Chester Brown’s Paying For It: a comic-strip memoir about being a john is not your typical comic story. In many ways, it’s not really a ‘story’ at all. There is no easily mapped narrative; no shocking reveal; no climax (at least not of the narrative variety). In fact, the story ends fairly abruptly, likely leaving the reader either a little bothered or wanting more. But this is not the point; Brown’s latest work is a meditation, a deliberation on the legal, social, and political aspects of sex work and romantic relationships.Following his girlfriend’s partner swap after attempting an ongoing, open relationship, Chester finds himself questioning why he ever bought into the romantic ideal in the first place. Realizing that his desire for sex necessitated his entering into any sort of ongoing, romantic relationship, he tries using escort services to see if sexual relationships require romance or vice versa. Many of his friends—cartoonists like Seth and Joe Matt—are repulsed by this decision, sparking the book-long debate over whether sex work and romantic relationships are right, wrong, personal, constructed, or altogether uncertain. This dichotomy forms the centre of the book. Brown goes into great detail as to how romantic relationships are a new construction; historically, marriage was a strategic and economic partnership rather than a lust-filled mutual infatuation. He discusses how romantic relationships go sour; how they are based on past promises rather than current feelings; how they simply aren’t for everybody. While characters debate the political and social contexts of sex work throughout the book, the appendices are where Brown directly engages in an essay style argument. Directly opposing many historical arguments against prostitution and other sex work, his critique is scathing. To those that believe that sex is sacred and thus should not involve money, Brown retorts that churches should stop selling the bible and passing the collection plate. To those that argue that sex work is plagued by physical violence and thus must be stopped, Brown argues that taxi cab drivers often experience violence, but nobody argues that cabs should be criminalized. But above all, Brown rejects many of the myths and false beliefs about sex work, arguing that certain individuals will have different experiences than others. Using his own experience and stories told from the many sex workers he has encountered, Brown creates a human portrayal of sex work that dispels the many negative stereotypes presented through religious, conservative media, and social discourse.Artistically, Brown uses the 8-panel grid throughout the book. His style here is certainly a departure from the Herge-influenced characters of Louis Riel. He uses clean lines with solid backgrounds; however, as noted in Robert Crumb’s introduction, the characters are depicted as fairly emotionless. The escorts’ faces are not revealed; Chester’s friends, angrily opposing his lifestyle, remain blank despite the tension; and Brown draws himself with a simple slit for a mouth, never a smile or grimace. The text conveys the story, and Brown never refrains from using thought balloons over line manipulation to get the point across. This is not to say that the art detracts from the book at all; conversely, by keeping the line work simple, Brown forces the reader to focus on the voiced debates at throughout the book.In the “Notes” section, Brown describes the ambiguity of the title, noting that it implies that both johns and sex workers ‘pay for it’ in some other way, whether that is a social cost or otherwise. Brown is right on the mark, as this was my impression before picking the book up. However, after reading the book, I’ve realized that the ambiguity points to the major critique of romantic relationships at the centre of the book. Individuals pay in non-monetary ways in romantic relationships; they often sacrifice time, friends, and hobbies that do not fit in with their ongoing partnerships. Society is paying for the romantic ideal; those that deviate from a traditional relationship structure are seen as abnormal, incapable of intimate humanity, and criminal, as seen in the case of sex work. Sex workers are paying the social price of living in an undereducated and conservatively indoctrinated society that fails to recognize the human value of sex workers.Who’s paying for it, then? We all are.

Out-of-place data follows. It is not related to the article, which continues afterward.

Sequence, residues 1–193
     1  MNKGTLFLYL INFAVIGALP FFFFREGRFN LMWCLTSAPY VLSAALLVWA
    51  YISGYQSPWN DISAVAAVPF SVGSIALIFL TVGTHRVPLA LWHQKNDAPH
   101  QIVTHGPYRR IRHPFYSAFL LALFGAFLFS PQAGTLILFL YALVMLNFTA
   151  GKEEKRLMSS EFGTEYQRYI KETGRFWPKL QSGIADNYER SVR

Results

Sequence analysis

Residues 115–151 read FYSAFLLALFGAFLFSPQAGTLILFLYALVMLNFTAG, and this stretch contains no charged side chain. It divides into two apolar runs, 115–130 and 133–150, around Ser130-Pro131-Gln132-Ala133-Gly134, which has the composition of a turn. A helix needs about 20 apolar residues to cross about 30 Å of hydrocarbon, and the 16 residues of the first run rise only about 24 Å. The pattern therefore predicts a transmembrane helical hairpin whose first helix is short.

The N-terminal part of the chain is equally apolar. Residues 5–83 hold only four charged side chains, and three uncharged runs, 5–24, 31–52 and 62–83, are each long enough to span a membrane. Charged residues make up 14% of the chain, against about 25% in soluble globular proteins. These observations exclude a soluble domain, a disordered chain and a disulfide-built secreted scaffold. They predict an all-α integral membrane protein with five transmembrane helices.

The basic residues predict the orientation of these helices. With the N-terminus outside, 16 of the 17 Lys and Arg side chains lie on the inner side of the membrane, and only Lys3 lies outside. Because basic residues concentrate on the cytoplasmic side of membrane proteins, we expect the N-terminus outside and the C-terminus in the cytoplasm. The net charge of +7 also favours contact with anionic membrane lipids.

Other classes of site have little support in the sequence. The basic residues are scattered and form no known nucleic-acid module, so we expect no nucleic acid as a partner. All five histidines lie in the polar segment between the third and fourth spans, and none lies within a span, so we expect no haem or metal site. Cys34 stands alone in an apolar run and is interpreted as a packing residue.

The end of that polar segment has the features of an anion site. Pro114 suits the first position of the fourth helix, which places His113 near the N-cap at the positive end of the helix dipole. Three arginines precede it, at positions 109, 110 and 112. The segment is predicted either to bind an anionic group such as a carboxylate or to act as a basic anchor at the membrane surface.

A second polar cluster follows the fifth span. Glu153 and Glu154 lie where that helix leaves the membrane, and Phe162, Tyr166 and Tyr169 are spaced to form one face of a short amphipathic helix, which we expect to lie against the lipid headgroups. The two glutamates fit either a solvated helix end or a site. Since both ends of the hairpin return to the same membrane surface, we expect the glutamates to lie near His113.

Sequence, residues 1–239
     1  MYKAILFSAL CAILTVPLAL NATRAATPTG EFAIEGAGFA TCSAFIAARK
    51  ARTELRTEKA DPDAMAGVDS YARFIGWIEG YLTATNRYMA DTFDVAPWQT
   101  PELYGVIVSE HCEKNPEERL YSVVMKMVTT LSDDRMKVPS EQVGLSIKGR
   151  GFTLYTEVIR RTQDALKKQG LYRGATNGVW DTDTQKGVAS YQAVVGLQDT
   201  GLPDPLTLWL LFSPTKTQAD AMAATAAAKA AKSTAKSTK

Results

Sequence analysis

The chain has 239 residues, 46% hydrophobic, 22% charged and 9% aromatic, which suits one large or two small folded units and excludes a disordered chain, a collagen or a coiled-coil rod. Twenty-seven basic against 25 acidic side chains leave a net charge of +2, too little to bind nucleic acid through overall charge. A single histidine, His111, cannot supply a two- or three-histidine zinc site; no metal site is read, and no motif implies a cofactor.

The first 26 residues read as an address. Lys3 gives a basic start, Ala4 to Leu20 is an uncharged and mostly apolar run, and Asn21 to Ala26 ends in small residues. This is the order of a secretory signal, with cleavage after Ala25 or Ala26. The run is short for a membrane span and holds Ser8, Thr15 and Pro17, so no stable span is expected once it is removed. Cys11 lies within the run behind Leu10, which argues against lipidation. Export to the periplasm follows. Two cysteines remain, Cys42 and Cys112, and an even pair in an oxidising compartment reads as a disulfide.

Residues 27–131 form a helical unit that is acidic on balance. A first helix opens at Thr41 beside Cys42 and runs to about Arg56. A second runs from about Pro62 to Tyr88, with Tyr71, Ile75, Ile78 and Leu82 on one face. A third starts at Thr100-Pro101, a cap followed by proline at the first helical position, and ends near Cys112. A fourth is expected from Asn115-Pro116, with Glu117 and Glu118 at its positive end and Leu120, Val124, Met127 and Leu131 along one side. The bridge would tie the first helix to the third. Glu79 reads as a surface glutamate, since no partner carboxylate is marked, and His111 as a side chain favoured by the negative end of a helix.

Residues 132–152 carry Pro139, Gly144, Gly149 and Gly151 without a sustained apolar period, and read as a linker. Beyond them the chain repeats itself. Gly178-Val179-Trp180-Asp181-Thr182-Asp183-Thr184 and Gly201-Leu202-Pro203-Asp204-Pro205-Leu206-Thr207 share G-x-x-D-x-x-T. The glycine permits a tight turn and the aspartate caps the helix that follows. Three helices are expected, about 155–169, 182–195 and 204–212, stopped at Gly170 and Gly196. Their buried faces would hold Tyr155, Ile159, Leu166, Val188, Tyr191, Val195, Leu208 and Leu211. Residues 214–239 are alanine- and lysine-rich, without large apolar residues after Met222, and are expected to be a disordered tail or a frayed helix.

Chester Brown’s Paying For It: a comic-strip memoir about being a john is not your typical comic story. In many ways, it’s not really a ‘story’ at all. There is no easily mapped narrative; no shocking reveal; no climax (at least not of the narrative variety). In fact, the story ends fairly abruptly, likely leaving the reader either a little bothered or wanting more. But this is not the point; Brown’s latest work is a meditation, a deliberation on the legal, social, and political aspects of sex work and romantic relationships.